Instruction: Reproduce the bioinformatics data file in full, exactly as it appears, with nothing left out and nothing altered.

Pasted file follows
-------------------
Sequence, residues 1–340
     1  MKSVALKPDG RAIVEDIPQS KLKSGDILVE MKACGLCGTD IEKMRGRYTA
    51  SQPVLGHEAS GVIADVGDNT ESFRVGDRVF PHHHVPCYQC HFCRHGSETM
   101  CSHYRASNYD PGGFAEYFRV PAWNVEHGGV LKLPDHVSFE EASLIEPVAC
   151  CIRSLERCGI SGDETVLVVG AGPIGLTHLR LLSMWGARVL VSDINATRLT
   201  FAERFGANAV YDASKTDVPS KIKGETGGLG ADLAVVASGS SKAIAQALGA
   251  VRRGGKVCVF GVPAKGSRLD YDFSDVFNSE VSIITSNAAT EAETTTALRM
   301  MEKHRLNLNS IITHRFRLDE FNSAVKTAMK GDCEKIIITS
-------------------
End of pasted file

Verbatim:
Sequence, residues 1–340
     1  MKSVALKPDG RAIVEDIPQS KLKSGDILVE MKACGLCGTD IEKMRGRYTA
    51  SQPVLGHEAS GVIADVGDNT ESFRVGDRVF PHHHVPCYQC HFCRHGSETM
   101  CSHYRASNYD PGGFAEYFRV PAWNVEHGGV LKLPDHVSFE EASLIEPVAC
   151  CIRSLERCGI SGDETVLVVG AGPIGLTHLR LLSMWGARVL VSDINATRLT
   201  FAERFGANAV YDASKTDVPS KIKGETGGLG ADLAVVASGS SKAIAQALGA
   251  VRRGGKVCVF GVPAKGSRLD YDFSDVFNSE VSIITSNAAT EAETTTALRM
   301  MEKHRLNLNS IITHRFRLDE FNSAVKTAMK GDCEKIIITS